Satellite communication technology provides a critical lifeline for teams working off the grid.Editor’s note: Cellular coverage is not as ubiquitous as the television ads might like us to believe. Missed or delayed communications can be costly, and, more importantly, hazardous. Our crews are asked to be more productive than ever before, but any amount of tech wizardry they employ to meet these increased expectations may be pointless unless they are reachable at any given time to be safe all of the time. We hear these concerns at conferences and have looked at several crew safety/communications solutions—most are cellular-based. Satellite phones are typically costly to deploy for all crew members, and it is often difficult to integrate a location component. However, there is an affordable sat-short-message-based solution, so we asked contributor Howard James, who is familiar with the DeLorme inReach, to describe how the two-way satellite communicator works.
Surveying, mapping, and construction teams in the field can be vulnerable to accidents, illness, or other dangers that may require an urgent response. Often, their work may take them to remote locations that are “off the grid,” beyond the reach of wireless networks. This means mobile phones are useless, and so are other solutions that rely on cellular connections. The only way to communicate is either two-way, push-to-talk radio (which is limited in range and vulnerable to interference and signal blockage) or through satellites.
Choices are limited when it comes to satellite-based solutions. Satellite phones can provide full two-way voice telephony, but equipment and airtime service costs are high. At the other end of the spectrum are one-way satellite SOS beacons. While they are less costly, these simple transmitters provide one-way communication only with no return channel to communicate back with the sender.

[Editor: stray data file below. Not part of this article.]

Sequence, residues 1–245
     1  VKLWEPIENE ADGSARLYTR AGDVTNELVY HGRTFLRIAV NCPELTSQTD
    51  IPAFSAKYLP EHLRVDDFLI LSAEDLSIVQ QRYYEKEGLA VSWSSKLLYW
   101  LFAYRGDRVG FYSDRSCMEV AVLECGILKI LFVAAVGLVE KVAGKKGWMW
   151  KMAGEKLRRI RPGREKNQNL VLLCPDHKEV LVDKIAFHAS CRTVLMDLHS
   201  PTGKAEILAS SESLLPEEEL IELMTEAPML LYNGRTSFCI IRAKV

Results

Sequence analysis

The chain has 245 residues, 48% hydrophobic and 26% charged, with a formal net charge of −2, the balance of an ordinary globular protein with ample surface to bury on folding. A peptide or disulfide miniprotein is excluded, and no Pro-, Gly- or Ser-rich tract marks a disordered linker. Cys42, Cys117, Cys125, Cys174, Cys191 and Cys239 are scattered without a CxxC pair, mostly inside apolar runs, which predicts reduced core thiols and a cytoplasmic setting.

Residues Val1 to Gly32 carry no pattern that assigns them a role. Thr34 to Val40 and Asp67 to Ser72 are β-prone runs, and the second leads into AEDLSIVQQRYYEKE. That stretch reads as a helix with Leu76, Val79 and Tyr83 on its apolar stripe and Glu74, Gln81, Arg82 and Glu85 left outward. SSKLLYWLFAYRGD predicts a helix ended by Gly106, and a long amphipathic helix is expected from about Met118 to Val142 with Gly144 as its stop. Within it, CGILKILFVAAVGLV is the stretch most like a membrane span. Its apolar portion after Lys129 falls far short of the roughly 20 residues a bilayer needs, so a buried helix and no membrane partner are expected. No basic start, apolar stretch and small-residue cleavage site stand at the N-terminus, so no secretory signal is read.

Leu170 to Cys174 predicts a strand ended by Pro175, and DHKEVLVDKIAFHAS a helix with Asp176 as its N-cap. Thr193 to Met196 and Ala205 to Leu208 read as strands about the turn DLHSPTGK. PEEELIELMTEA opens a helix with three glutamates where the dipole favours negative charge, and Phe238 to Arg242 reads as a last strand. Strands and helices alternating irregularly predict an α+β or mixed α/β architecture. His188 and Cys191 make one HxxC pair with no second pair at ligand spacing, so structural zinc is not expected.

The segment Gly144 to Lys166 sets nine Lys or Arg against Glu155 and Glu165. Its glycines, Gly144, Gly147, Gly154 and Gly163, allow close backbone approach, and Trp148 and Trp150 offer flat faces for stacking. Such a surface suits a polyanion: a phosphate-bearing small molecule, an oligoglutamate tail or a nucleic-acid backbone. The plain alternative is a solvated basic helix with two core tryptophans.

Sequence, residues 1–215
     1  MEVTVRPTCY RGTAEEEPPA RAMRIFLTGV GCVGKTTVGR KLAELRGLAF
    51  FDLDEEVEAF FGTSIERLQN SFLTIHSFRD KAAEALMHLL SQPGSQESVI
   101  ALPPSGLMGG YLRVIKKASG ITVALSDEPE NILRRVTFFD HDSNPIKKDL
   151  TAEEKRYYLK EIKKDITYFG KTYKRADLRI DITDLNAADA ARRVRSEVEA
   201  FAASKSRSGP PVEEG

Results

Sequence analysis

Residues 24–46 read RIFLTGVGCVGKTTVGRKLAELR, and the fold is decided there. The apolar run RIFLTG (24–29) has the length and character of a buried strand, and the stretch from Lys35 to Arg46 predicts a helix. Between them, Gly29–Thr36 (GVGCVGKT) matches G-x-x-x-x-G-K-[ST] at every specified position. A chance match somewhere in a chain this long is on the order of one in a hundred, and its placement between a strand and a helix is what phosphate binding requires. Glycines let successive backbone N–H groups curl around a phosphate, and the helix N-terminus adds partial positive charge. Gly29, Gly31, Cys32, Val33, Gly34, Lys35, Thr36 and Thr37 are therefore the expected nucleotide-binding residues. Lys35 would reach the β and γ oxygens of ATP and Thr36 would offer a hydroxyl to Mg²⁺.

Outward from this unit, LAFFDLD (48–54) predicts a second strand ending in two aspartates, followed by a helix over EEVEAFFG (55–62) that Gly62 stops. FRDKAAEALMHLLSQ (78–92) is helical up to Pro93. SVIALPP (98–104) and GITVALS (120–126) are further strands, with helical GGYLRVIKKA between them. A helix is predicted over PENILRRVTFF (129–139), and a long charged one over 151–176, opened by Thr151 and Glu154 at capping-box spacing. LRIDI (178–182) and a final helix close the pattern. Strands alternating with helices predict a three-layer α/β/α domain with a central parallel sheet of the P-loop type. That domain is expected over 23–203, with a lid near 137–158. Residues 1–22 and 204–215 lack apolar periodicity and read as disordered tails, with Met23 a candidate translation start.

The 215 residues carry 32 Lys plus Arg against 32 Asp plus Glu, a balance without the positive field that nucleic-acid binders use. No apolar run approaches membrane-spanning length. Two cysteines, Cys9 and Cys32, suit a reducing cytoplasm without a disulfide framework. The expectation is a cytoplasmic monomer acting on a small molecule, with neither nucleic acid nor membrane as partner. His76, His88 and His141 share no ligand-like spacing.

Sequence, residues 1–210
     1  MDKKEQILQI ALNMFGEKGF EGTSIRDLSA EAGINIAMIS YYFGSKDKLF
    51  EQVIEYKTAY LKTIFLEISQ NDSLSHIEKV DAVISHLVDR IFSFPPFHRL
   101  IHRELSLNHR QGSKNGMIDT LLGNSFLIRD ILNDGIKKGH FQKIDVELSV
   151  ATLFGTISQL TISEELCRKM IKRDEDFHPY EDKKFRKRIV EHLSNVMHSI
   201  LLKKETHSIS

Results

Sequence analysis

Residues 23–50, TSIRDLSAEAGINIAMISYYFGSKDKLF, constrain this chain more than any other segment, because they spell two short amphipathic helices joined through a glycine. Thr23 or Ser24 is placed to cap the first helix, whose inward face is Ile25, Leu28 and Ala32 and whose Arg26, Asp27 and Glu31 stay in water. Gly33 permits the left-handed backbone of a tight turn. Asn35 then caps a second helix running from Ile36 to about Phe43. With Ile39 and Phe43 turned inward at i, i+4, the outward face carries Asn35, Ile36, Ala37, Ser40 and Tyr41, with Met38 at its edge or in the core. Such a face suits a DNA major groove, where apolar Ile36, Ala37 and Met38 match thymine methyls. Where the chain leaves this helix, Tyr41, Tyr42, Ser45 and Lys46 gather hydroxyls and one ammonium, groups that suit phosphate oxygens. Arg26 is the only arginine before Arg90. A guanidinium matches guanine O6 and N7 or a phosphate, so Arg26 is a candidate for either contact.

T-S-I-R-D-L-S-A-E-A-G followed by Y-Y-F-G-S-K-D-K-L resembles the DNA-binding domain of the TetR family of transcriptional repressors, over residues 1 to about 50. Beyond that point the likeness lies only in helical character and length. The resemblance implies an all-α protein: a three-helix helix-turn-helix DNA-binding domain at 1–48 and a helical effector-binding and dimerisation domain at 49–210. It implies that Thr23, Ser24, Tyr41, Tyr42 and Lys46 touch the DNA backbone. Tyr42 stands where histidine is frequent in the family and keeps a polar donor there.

An innovative but affordable solution allows for two-way communication: the inReach satellite communicator, manufactured by DeLorme, provides an efficient, cost-effective solution for remote GPS tracking, SOS alerting, two-way communication and navigation.
DeLorme is known as a supplier of maps, electronic cartography, and GPS products for both professionals and consumers. The company’s XMap software is used throughout surveying and geospatial professions. About four years ago, DeLorme decided to expand beyond its cartography and GPS focus to launch a line of personal satellite communication devices integrated with GPS technology.
Satellites to the Rescue
inReach is handheld, about the size of a recreational GPS unit, but it can communicate through the Iridium satellite network. It weighs 6.7 ounces and is MIL STD 810F compliant and IP67 water rated. It automatically transmits its GPS coordinates at pre-selected intervals, allowing authorized followers to view its position and movements on a map online. Authorized followers can “ping” the device at any time to request a position update. Users can also exchange 160-character SMS messages with any email or phone number. All messages are tagged with the user’s GPS coordinates. The dedicated SOS button, when activated, immediately sends a distress alert to a response center with receipt acknowledgement.